A brass-adorned dose of Southern soul-grunge from The Weeks' first Serpents & Snakes Records full-length Dear Bo Jackson, "Brother in the Night" is a crime-spree ballad that's a little rough around the edges. It's a bit unclear exactly what sort of illegal acts our narrator has been up to — he definitely killed somebody, and there's blood money involved — but it certainly ain't bad for a pack of Mississippi youngsters.
Caitlin Rose, "Waitin' "
And hey, it's the only song on this mix to have been featured on ABC's Nashville (though we have spotted Hayden Panettiere enjoying a performance from The Weeks, so who knows about next season). "Waitin' " is but one of — as Scene contributor Jewly Hight puts it — the "deftly barbed narratives on this year's twang-pop triumph The Stand-In," but it's the only one that Nashville's Clare Bowen crooned along to from beneath her pile of impossibly blond hair.
Blank Range, "Scrapin' "
Local-rock fans will recognize Blank Range from the members' various other gigs, but on the A-side from their first 7-inch, they find their own urgent Southern-tinged garage-rocking groove. I'll do my best to avoid making a second Replacements reference on this list and just say it's a damn fine rock song.
William Tyler, "A Portrait of Sarah"
Perhaps the coolest thing about local guitar virtuoso William Tyler's "A Portrait of Sarah" is its music video, a tribute to Monte Hellman's 1971 cult road flick Two-Lane Blacktop. The song itself — like the rest of Tyler's Merge debut Impossible Truth — is beautiful and evocative, with Tyler tastefully showcasing his immense talent.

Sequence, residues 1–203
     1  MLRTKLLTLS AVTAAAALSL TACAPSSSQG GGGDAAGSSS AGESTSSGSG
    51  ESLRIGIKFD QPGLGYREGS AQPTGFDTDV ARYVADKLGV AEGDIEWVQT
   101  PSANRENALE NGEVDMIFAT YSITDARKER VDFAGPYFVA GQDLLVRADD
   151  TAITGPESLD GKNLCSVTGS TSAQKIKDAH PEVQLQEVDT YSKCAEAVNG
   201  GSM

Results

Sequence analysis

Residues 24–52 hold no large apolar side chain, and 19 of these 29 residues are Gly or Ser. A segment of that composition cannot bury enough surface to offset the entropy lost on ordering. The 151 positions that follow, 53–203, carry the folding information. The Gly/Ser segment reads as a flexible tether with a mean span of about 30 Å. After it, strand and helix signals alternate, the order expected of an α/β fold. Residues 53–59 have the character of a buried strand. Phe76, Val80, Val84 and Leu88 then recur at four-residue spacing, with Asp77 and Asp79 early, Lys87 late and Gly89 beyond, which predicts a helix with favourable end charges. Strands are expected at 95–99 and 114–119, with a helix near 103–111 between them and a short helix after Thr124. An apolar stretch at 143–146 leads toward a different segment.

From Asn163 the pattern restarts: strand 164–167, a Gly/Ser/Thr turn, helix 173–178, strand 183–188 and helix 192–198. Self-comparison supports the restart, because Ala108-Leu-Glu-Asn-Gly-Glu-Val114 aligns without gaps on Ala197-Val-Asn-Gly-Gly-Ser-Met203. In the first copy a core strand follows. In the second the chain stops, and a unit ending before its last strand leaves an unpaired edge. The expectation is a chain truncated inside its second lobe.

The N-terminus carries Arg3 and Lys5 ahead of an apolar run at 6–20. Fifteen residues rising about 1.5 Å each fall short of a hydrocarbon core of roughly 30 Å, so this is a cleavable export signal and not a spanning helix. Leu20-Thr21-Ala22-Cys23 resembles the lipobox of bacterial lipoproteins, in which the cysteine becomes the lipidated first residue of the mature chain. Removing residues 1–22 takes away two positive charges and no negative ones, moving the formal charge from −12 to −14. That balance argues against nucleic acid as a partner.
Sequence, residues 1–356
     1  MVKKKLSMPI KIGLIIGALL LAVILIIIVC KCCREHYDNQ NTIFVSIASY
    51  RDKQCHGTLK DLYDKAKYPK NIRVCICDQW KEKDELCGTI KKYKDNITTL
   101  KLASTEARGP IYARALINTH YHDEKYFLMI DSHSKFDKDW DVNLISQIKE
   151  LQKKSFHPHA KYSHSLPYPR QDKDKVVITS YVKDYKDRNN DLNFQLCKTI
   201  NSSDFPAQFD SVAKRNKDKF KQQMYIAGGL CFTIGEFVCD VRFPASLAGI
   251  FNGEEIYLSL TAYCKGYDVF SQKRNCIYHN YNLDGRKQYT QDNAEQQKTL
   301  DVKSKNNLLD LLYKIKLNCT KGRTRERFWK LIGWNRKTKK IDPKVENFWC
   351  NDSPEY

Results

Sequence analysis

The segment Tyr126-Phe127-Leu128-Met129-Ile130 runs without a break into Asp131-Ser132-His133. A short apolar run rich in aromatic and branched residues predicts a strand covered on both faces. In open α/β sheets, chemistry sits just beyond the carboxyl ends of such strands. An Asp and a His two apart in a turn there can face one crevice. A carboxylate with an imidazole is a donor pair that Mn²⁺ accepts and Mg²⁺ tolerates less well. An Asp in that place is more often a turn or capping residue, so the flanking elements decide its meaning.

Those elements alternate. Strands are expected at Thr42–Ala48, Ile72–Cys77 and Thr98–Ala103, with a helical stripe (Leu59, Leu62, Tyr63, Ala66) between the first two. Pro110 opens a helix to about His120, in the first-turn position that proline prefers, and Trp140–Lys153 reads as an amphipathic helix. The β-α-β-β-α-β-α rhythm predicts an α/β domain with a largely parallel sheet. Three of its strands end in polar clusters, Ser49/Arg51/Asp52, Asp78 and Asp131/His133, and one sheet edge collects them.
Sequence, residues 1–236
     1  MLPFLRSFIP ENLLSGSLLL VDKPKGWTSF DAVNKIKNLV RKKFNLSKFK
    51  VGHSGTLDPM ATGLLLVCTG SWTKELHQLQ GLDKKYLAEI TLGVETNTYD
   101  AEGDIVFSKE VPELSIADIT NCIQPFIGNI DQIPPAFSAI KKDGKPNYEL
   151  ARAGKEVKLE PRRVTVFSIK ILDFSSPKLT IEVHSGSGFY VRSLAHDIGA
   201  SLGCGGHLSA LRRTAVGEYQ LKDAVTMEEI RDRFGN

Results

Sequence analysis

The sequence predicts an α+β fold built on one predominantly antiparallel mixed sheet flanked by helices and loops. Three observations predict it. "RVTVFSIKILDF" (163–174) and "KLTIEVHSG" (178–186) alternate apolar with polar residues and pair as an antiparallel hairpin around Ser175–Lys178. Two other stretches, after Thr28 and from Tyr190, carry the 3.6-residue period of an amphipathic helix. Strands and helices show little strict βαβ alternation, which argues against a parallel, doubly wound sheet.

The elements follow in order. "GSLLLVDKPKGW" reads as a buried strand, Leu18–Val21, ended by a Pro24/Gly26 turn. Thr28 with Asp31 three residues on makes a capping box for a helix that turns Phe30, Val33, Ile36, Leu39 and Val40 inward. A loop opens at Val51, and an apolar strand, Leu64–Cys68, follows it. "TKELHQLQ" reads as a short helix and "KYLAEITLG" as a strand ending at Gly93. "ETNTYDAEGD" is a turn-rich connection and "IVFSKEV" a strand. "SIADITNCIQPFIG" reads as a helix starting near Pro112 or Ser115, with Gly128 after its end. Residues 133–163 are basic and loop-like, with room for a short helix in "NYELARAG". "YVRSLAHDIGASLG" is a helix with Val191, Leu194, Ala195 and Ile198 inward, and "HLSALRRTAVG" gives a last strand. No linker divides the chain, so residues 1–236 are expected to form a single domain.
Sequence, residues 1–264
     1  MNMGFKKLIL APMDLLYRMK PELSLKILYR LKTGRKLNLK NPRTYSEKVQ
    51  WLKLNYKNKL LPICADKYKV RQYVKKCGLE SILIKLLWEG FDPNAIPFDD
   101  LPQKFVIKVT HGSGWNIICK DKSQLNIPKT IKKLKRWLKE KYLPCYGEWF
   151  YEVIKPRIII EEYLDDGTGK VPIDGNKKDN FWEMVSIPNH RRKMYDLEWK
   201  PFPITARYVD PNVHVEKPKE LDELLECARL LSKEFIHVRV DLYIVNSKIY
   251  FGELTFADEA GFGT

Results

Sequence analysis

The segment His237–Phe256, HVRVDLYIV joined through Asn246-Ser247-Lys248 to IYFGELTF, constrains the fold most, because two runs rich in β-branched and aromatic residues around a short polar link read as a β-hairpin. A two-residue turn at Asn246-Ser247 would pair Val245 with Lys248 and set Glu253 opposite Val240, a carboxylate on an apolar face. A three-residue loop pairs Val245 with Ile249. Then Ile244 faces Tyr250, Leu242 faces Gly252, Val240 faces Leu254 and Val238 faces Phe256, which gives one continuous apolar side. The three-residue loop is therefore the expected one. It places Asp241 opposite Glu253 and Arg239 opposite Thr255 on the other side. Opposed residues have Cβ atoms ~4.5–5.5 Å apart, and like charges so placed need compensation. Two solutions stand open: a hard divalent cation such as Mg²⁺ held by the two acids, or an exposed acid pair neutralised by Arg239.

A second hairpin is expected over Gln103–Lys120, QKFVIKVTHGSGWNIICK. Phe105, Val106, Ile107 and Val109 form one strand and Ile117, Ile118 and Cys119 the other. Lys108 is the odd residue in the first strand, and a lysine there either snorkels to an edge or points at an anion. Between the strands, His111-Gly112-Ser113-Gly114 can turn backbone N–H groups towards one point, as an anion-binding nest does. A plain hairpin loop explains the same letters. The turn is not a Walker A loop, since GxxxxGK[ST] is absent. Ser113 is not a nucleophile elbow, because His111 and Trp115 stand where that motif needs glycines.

Tristen, "Gold Star"
From the No. 1 album in our critics' poll comes this electronic-pop ballad, which swirls and twinkles with string arrangements, backing vocals, sundry percussion and Tristen's own pristine lead vocals. C A V E S fetched wide acclaim this year for its skillfully crafted, thoughtful synth pop, and "Gold Star" is among the most beguiling tracks on the record.
Jason Isbell, "New South Wales"
Former Drive-By Trucker Jason Isbell made an enormous splash with this year's Southeastern, a record made following the singer's time in a rehab facility. With Townes Van Zandt-like intimacy, "New South Wales" tells of Isbell's Australian tour with his pal (and Van Zandt's namesake) Justin Townes Earle — a time that Isbell described to NPR's Terry Gross as "debaucherous."
Sturgill Simpson, "Some Days"
What people mean when they say "real country" is Sturgill Simpson's High Top Mountain, which rightfully found itself atop several year-end best-of-country lists (from SPIN to Entertainment Weekly and beyond). Simpson's gruff delivery and country shuffle recall rough-hewn greats like Merle and Buck, and High Top's "Some Days" sports just the slightest touch of Larry Jon Wilson's country funk. Great stuff.
Hotpipes, "Answer Your Telephone"
A busy, whirring maelstrom of New Wave-inflected indie rock, "Answer Your Telephone" is among the most insistent songs on the recently re-formed and retooled Hotpipes' comeback effort, DUST.
Mystery Twins, "Mary"
Featuring one-half of longtime local rock 'n' roll quartet The Clutters, Mystery Twins make a sort of minimalist, garage-rockified version of old-school coed R&B acts like Mickey and Sylvia, Ike and Tina, and Inez and Charlie Foxx.
Those Darlins, "That Man"
The biggest, most gut-wrenching tune on Those Darlins' latest and most evolved LP, the Roger Moutenot-produced Blur the Line, "That Man" finds frontwoman Jessi Darlin howling with soul-punk defiance like some strange hybrid of Cherie Currie and James Brown.